Man banned from leaving Israel for 8,000 years over child support payments

Huppert has had a “stay-of-exit” order against him since 2013 and can't leave until he makes $3.34 million in child support payments.

An El Al Israel Airlines Boeing 737-900ER airplane takes off from the Adolfo Suarez Madrid-Barajas airport as seen from Paracuellos del Jarama, outside Madrid, Spain, August 8, 2018 (photo credit: REUTERS/PAUL HANNA)
An El Al Israel Airlines Boeing 737-900ER airplane takes off from the Adolfo Suarez Madrid-Barajas airport as seen from Paracuellos del Jarama, outside Madrid, Spain, August 8, 2018
(photo credit: REUTERS/PAUL HANNA)

An Australian man has been reportedly subjected to an 8,000-year exit ban and will not be allowed to leave Israel until the year 9999 due to unpaid child support, NewsAU reports.

Noam Huppert, a 44-year-old foreign national of Australia, has had a “stay-of-exit” order against him since 2013 and cannot lift the order until he makes an outstanding $3.34 million in child support payments.

“The total in the year 2013 was roughly ₪7.5 million ($3.34 million),” Mr. Huppert, who works as an analytical chemist for a pharmaceutical company, told NewsAU. Israeli courts had ruled Huppert owed NIS 5,000 per month for each child until they turned 18.

“Since 2013, I am locked in Israel,” Huppert explained, adding that he was one of many Australian citizens that have been “persecuted by the Israeli justice system only because they were married to Israeli women.”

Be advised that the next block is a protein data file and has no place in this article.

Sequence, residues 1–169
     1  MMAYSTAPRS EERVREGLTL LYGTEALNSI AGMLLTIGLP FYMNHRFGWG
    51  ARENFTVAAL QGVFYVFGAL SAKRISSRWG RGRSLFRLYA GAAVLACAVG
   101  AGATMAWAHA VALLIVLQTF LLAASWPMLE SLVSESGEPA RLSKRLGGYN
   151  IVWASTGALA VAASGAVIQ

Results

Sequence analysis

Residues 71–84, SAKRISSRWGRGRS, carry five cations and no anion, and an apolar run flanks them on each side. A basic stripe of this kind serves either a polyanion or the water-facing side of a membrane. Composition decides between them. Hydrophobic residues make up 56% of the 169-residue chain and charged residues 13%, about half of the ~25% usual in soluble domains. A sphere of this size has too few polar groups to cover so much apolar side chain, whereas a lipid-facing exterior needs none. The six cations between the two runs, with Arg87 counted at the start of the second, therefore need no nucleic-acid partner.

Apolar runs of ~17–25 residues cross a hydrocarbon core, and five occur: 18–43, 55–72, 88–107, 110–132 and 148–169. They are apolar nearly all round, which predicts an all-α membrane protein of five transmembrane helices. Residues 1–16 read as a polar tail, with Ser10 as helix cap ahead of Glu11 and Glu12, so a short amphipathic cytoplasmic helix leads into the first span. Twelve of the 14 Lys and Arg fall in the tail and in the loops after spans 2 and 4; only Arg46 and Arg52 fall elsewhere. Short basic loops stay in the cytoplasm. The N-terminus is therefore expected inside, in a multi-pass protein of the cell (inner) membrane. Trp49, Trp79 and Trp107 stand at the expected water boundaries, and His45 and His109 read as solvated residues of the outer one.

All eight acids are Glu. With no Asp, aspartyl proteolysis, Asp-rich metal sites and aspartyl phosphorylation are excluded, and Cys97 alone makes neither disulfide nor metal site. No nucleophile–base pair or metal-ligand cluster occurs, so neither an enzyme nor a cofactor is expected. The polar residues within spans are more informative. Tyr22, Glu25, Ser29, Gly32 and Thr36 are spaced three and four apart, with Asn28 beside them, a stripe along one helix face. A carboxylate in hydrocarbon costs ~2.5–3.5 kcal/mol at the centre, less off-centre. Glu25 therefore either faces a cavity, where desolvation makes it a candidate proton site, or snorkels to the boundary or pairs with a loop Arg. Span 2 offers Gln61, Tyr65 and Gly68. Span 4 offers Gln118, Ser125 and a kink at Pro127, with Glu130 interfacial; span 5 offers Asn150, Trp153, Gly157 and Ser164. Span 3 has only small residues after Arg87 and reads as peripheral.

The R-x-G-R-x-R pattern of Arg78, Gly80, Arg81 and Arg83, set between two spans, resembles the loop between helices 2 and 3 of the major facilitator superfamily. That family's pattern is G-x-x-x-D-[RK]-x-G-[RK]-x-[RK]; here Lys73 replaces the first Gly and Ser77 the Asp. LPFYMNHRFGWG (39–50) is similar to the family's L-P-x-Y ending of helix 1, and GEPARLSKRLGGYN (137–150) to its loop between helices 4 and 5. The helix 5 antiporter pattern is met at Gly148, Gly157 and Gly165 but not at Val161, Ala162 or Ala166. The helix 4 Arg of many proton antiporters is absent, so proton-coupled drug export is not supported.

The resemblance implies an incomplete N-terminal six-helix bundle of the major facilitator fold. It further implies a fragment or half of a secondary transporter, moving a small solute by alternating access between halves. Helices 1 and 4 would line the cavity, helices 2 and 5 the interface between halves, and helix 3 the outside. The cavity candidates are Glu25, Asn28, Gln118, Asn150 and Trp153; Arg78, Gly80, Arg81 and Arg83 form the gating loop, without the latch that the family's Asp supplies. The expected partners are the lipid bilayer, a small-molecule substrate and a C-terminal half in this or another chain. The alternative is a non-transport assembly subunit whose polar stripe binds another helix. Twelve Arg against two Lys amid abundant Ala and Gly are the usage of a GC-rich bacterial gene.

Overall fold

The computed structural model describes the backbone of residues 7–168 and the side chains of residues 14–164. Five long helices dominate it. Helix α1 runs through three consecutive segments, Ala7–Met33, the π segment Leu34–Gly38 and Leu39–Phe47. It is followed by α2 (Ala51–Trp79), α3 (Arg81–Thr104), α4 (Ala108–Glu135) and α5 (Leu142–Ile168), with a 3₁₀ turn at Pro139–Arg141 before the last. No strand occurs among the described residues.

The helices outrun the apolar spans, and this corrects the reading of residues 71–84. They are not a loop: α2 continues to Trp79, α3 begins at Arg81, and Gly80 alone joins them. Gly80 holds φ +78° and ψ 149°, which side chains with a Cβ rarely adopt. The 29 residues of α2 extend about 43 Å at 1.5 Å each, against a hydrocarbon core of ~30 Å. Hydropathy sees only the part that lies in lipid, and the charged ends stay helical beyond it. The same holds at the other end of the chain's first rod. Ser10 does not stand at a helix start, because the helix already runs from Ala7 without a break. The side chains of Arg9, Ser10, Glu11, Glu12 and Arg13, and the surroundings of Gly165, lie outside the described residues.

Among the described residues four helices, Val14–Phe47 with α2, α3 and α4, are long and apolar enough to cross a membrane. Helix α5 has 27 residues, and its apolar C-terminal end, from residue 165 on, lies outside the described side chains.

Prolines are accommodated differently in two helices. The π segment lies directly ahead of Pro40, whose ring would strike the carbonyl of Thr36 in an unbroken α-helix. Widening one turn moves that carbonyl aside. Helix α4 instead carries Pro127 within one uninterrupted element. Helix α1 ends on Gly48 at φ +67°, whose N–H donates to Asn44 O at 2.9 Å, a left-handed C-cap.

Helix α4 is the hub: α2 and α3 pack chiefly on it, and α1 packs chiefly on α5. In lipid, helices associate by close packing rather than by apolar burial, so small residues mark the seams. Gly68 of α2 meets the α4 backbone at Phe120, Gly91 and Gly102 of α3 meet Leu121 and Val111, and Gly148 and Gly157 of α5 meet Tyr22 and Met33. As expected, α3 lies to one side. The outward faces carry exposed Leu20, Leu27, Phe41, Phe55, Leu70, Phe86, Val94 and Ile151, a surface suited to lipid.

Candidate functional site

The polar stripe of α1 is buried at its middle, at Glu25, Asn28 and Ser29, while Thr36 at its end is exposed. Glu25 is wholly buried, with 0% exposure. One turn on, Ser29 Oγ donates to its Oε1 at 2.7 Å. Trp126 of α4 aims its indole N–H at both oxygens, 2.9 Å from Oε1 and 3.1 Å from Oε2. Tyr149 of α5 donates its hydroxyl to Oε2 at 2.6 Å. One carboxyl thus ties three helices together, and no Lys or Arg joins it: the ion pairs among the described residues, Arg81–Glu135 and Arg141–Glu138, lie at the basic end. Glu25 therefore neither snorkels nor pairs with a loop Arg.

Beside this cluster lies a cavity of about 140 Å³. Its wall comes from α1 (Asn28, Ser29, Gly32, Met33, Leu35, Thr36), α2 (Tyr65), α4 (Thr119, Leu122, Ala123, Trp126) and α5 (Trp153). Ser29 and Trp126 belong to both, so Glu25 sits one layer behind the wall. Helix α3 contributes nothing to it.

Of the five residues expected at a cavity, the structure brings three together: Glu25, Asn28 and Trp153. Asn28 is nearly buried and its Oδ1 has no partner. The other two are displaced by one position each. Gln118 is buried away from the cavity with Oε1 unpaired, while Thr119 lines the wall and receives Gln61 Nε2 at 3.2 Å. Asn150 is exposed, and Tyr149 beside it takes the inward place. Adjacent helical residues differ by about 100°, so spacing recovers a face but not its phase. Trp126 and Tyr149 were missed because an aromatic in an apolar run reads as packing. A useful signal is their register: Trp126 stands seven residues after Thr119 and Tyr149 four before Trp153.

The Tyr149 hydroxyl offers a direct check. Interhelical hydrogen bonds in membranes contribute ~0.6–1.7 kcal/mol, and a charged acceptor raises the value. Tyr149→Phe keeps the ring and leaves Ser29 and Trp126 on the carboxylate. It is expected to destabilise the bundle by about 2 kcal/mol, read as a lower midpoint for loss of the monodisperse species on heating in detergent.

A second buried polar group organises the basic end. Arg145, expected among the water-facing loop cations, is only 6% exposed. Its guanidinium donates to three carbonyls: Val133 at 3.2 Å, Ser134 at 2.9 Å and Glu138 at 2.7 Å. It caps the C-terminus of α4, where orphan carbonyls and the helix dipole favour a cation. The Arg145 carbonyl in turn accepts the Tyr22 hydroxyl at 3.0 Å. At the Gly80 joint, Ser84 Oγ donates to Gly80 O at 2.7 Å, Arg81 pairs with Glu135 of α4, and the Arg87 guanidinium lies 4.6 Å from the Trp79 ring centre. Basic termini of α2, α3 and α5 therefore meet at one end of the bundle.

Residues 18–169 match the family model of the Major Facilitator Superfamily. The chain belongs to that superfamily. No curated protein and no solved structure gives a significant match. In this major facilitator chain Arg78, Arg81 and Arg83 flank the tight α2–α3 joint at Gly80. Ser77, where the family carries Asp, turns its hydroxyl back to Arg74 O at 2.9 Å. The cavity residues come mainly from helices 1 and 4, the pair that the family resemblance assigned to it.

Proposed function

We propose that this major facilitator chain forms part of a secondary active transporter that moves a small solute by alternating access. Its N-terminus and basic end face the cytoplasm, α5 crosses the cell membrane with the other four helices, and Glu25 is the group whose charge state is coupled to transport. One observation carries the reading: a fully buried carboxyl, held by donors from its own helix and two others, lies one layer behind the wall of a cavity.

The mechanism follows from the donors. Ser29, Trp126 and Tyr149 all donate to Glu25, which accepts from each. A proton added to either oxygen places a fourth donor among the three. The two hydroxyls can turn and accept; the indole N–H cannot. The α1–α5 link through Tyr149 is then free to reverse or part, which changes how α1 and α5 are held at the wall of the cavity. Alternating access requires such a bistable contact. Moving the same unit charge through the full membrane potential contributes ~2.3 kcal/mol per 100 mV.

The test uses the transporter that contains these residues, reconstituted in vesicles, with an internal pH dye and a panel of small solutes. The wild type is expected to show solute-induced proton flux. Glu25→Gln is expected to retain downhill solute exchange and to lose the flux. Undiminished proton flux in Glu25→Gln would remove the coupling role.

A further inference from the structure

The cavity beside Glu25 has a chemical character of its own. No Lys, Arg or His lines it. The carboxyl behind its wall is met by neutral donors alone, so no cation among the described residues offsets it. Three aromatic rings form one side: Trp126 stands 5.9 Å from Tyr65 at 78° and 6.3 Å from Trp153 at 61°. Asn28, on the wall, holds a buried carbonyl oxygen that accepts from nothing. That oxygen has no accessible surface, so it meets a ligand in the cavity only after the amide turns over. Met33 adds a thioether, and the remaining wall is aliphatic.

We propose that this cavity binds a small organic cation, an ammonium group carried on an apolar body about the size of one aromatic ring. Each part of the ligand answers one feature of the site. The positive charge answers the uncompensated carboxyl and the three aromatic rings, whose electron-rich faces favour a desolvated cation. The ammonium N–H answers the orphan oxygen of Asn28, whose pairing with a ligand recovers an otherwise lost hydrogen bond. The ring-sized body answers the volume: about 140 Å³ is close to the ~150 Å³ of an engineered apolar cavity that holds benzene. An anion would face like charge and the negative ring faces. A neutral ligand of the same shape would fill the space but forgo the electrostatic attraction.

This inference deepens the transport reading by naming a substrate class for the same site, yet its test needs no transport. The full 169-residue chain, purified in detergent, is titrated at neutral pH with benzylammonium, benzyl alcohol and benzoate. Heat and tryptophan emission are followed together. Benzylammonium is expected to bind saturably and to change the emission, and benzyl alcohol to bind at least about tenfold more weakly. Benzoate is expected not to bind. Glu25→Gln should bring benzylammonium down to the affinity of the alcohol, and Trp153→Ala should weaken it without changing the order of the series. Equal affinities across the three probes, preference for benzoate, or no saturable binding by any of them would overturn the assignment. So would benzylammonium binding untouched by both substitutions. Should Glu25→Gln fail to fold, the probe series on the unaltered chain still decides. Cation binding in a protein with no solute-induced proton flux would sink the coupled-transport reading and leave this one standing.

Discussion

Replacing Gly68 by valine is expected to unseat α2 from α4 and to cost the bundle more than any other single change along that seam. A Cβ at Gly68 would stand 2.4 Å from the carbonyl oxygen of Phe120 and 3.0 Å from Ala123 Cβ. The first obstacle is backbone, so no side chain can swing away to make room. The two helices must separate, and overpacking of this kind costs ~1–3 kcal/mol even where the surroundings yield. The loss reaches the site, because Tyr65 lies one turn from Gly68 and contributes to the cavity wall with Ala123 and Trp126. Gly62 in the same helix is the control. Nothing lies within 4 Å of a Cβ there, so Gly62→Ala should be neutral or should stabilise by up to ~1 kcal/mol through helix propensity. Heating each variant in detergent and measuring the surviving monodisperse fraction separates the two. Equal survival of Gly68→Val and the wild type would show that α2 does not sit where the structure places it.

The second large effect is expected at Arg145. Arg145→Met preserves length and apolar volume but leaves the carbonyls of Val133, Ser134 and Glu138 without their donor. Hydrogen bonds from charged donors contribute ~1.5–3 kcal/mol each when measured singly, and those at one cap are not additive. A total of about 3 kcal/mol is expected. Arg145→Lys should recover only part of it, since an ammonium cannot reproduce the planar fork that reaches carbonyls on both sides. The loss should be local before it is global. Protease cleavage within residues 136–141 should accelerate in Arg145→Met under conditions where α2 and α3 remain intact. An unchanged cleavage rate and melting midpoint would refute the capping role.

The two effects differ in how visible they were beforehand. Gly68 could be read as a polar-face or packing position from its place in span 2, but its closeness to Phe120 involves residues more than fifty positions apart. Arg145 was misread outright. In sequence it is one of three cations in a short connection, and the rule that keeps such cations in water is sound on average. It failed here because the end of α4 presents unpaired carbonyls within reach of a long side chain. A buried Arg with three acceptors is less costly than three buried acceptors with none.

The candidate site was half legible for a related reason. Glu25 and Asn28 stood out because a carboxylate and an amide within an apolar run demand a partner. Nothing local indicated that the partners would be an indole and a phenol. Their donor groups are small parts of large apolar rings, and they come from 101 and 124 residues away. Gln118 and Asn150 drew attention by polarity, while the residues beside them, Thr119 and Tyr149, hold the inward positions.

The laws regarding child support are unclear, though it seems that the year 9999 was set because it was the highest possible date that fit in the field.

 Travelers stand at a Virgin Australia Airlines counter at Kingsford Smith International Airport, following the coronavirus outbreak, in Sydney, Australia, March 18, 2020.  (credit: REUTERS/LOREN ELLIOTT) Travelers stand at a Virgin Australia Airlines counter at Kingsford Smith International Airport, following the coronavirus outbreak, in Sydney, Australia, March 18, 2020. (credit: REUTERS/LOREN ELLIOTT)

Israel’s laws regarding divorce and child support have faced previous criticism for being vague and unjust. Director Sorin Luca, who is creating a documentary about Israel's divorce laws called "No Exit Order", purports that “A woman can easily put a travel ban on the father, with a demand for child support which can extend to the entire duration of the childhood.”

“Once a father has the order, he can be imprisoned for up to 21 days, whether he has the ability to pay or not – without any investigation of his finances. Men are expected to pay 100% or even more of their income to pay for their children,” Luca continues.

The US State Department includes a warning about Israel’s child support issues with non-citizens, saying that civil and religious courts in Israel “actively exercise their authority to bar certain individuals, including nonresidents, from leaving the country until debts or other legal claims against them are resolved”, further warning that The US Embassy “is unable to cancel the debt of a US citizen or guarantee their departure from Israel when they face a bar from leaving the country until debts are resolved."